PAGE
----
Tuesday, July 3, 2012

Auto Advertising...Cars Must Sell Themselves

Recently my friend Gunther Sonnenfeld linked a story about Ford using Ryan Seacrest to launch the Fusion with a Social Campaign. We got into whether this will help sell cars dragging in @Ford and Scott Monty.

Instead of dissecting the tweets because I was a cynic and they felt the impact will be outsized, I did some basic research. Ford has an eroding cash flow position. Their stock is down 50% from it's peak of $18 last year. The current Fusion is on pace to sell 225,000 units this year. This is their big family car and they need to grow the sales. Not sure their target number.

Scott was the brains behind the Fiesta Movement. This effort helped sell 30,000 cars ($390 million) which was highly praised and impressive. But now the Fiesta is failing.

@Ford told me they have 70 Facebook Pages. I checked it out. The top 2 are for Ford and Mustang:

Worldwide since that is what Facebook is they have 190,000 actions per week on the two pages. This totals new Likes of the page, Likes of posts, Comments, and Fan Posts. So just under 30,000 a day but just over 3,000 a day for the Ford page.

They have a Fusion Page:

But they have only 500+ actions per day.  I estimate Ford needs to reach millions and millions in the US each week. But Scott and Gunther feel reaching 10,000 engaged fans is better than reaching tens of  millions that only half pay attention.

But here is the catch. Cars have to sell themselves. Forget any spokesperson, TV ad, Radio spot, or Facebook page. The minute that car hits the street it is a rolling advertisement. You see it cruising and you see who is driving it. One of my favorite car commercials is the Kia Soul Hamsters. This car is aimed at the 18-25 year old market. But in person the car is pretty dorky vs what I see in the commercial. And in Albany NY I never see anyone under 50 driving it. So my view is kind of ugly car for old people. Won't buy.

When we do buy a car we have issues like price, what kind of financing is available, the local dealer ads and incentives. When we see them in person we decide immediately if we want one. And we ask people we see driving them in person (not via Social) if they like the car. I assume the Fiesta owners are not a glowing army for Ford now days. Or also possible the new Focus or competition has eaten into the sales?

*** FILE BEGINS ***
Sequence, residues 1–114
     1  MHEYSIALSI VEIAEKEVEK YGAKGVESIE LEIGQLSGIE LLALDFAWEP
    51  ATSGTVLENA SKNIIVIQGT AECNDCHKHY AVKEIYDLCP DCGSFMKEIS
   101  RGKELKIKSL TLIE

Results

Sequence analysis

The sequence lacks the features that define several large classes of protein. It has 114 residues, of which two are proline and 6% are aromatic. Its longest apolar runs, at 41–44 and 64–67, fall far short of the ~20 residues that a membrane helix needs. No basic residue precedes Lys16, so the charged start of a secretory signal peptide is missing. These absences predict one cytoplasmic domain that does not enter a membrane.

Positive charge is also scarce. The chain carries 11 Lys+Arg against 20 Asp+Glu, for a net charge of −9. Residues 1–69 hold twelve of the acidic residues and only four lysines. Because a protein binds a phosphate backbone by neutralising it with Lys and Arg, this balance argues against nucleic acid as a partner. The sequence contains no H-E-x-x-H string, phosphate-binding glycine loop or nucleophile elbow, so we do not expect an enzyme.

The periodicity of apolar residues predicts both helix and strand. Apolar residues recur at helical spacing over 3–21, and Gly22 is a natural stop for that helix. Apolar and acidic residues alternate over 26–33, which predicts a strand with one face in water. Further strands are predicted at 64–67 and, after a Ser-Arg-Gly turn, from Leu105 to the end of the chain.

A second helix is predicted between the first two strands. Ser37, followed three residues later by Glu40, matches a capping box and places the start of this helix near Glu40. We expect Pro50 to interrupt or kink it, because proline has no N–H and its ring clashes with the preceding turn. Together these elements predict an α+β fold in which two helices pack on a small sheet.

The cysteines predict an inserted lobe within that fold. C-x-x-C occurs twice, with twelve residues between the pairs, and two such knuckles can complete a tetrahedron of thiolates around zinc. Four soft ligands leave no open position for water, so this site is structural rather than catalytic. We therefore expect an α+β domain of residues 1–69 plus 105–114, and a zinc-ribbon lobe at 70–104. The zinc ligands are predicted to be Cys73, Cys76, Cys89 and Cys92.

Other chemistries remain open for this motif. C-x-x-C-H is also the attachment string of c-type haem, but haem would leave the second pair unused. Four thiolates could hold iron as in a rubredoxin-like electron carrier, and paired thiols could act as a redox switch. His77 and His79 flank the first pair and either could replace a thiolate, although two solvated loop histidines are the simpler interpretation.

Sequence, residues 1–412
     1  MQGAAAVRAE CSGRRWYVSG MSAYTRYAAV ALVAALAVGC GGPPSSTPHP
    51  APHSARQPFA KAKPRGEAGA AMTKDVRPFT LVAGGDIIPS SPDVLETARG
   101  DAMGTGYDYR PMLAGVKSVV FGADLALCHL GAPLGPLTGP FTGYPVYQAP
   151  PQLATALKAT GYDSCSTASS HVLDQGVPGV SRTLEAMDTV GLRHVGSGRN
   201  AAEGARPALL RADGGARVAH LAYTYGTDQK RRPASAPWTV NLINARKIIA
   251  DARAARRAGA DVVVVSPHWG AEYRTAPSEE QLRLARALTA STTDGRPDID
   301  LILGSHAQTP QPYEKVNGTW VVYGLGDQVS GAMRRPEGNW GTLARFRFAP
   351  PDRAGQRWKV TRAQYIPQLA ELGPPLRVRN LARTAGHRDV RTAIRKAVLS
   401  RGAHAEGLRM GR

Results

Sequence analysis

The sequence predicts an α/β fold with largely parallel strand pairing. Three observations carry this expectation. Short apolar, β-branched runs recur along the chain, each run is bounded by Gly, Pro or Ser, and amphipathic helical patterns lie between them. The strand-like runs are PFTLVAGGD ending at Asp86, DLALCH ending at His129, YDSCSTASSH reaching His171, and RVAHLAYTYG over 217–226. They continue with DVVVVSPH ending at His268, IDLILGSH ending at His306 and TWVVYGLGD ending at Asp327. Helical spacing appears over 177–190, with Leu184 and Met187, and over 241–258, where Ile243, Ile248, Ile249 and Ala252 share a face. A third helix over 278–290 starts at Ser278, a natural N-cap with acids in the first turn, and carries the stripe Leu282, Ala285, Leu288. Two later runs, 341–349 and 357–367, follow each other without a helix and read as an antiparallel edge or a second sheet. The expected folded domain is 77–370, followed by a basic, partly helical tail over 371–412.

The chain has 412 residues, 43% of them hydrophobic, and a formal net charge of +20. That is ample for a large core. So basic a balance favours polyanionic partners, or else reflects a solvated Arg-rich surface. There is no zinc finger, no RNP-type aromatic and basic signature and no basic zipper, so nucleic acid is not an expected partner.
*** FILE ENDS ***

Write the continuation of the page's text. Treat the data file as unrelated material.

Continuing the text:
So can 10,000 engaged fans for Ford propel the Fusion to sell more than 225,000 units? Maybe. But I am not very optimistic. There is a lot of competition in that car segment. And Ryan Seacrest isn't going to sway anyone in my opinion. Now I will state since Ford is going to spend big on this launch I fully agree with their campaign as part of an integrated marketing plan. 

I will end by highly recommending you listen to the last Mitch Joel - Joseph Jaffe podcast on Facebook. They have some very good takes on Social for Brands and why we really don't engage or care about them. I will revisit this launch when the data comes in. But it is safe to say if the car isn't attractive when seen on the road, or the right price point, neither social nor paid media is going to fix this. The car must sell itself.

Also if Auto Advertising is of interest Chris Baccus has a great one it is linked to your left!

Author's note: We love Ford. And we want them bountiful success. This post is more a discussion on Auto Advertising and Social Media vs any car or company viewpoints.

1 comment:

  1. I would buy it if Ryan Seacrest said to.

    It will be interesting to see your stats; I have a feeling it their efforts won't be driving many sales at all.

    Like you, it's seeing the car and who's driving it.